Jeremy Mugridge explains the due diligence process advisers need to go through when choosing a platform
Evolving customer needs and the changing regulatory landscape within the financial advice market are encouraging advisers to review and revise their business models. Platforms today offer enormous benefits for customers and advisers through their wide investment choice as well as a range of tools which allow a portfolio to be planned, reviewed and maintained in one place.
While it is easy to see how platforms benefit the end consumer, advisers are finding it much more difficult to identify which platform(s) best meet the needs of their clients. Advisers are likely to find themselves bombarded with opinions and advice from colleagues, providers and ‘experts’ on which platform to use. This noise can be distracting, but advisers need to remember two things; the first is that meeting investor needs is the only basis for choosing a platform, and the second is that the final platform recommendation should be based on the adviser’s opinion, not the opinion of others in the market.
The FSA has been clear that advisers must conduct a comprehensive review on a platform before recommending it to a client, stating: ‘The suitability of any platform will depend upon the client’s particular circumstances and requirements. Irrespective of any strategic firm decisions to use a platform, you must still consider whether a platform is suitable and meets each client’s needs before recommending it.’*. Platform recommendations therefore will need to be based on sound reasons, backed up by evidence, and the adviser must be able to fully explain why the selected platform is right for their client. This makes the due diligence process no easy task.
Because the suitability of a platform must be reviewed for each customer, the issue of carrying out due diligence on platforms is a growing challenge for advisers. So where does an adviser start with the due diligence process?
The FSA’s platform factsheet outlines nine key elements that an adviser needs to consider when selecting a platform.
• The platform provider terms and conditions
• Fund and wrapper range
• Range of assets
• Additional tools
• Support services
Within each of these key areas there are a number of questions advisers could ask. How the platform is financed and how financially secure it is, are certainly elements which an adviser may wish to consider. If the adviser is interested in the provider’s terms and conditions they may ask about the company’s complaints procedure and what the platform’s best execution policy is.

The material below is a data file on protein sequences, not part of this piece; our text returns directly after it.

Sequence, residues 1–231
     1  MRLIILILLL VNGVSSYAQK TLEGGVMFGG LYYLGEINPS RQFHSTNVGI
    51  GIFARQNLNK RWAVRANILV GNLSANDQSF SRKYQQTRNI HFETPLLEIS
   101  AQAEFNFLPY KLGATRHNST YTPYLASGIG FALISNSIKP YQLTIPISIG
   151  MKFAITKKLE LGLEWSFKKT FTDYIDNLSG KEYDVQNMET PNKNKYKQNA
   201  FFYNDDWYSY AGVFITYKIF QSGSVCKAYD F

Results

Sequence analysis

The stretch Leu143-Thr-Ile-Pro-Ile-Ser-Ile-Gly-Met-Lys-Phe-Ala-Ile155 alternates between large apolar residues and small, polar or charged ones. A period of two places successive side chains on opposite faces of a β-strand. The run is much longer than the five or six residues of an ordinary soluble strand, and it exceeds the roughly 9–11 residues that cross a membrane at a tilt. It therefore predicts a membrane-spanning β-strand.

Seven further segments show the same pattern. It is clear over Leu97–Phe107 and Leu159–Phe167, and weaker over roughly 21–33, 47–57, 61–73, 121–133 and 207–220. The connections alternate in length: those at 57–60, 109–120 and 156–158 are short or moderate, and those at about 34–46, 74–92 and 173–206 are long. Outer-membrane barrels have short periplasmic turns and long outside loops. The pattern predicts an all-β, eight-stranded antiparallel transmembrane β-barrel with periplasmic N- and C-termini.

Price and service
While price isn’t everything, charges will be a key area for most advisers and customers. When selecting a platform, advisers need to at least understand any price differentials before considering a more expensive platform. The key consideration for the investor and adviser will be: Does this platform represent good value for money? If the charging structure is easy to explain, it is more likely that the customer will be able to understand the associated costs of the platform and whether it represents good value for money. Charging models differ from provider to provider and without a platform cost comparison it is virtually impossible to determine the value for money that a platform offers. There are a growing number of tools available in the marketplace that can help advisers compare the costs of platforms.
The range of assets and wrappers available should also be examined. Selecting a platform that offers the right amount of choice for the client is paramount. Advisers may want to know how the platform selects the funds that are offered – some platforms simply add funds by demand, while others will conduct their own due diligence on funds before making them available.
Platform functionality and the tools available are two other factors to consider. Tools can add significant value when giving investment advice. However, the availability of tools on platforms varies greatly, with some platforms offering a full suite of portfolio planning tools and others redirecting the adviser to third party providers that charge an annual fee, which of course will add cost to the customer.
Accessibility and support services should also be examined. Knowing which back office system the platform can integrate with and the amount of business that can be done online will help many advisers assess whether or not the platform is suitable. Additional services such as online and telephone support provided by the platform may also warrant consideration as these can improve the overall service experience for both the adviser and the client.
*FSA factsheet ‘Platforms: using fund supermarkets and wraps’
Jeremy Mugridge is platform marketing manager at Skandia
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